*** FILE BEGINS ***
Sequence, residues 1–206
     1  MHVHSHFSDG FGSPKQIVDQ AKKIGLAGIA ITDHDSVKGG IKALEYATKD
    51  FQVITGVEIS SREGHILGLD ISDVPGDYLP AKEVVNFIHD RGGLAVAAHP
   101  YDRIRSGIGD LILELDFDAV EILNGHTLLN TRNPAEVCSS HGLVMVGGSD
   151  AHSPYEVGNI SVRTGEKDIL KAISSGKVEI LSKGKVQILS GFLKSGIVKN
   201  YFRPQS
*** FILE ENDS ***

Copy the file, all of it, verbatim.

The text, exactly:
Sequence, residues 1–206
     1  MHVHSHFSDG FGSPKQIVDQ AKKIGLAGIA ITDHDSVKGG IKALEYATKD
    51  FQVITGVEIS SREGHILGLD ISDVPGDYLP AKEVVNFIHD RGGLAVAAHP
   101  YDRIRSGIGD LILELDFDAV EILNGHTLLN TRNPAEVCSS HGLVMVGGSD
   151  AHSPYEVGNI SVRTGEKDIL KAISSGKVEI LSKGKVQILS GFLKSGIVKN
   201  YFRPQS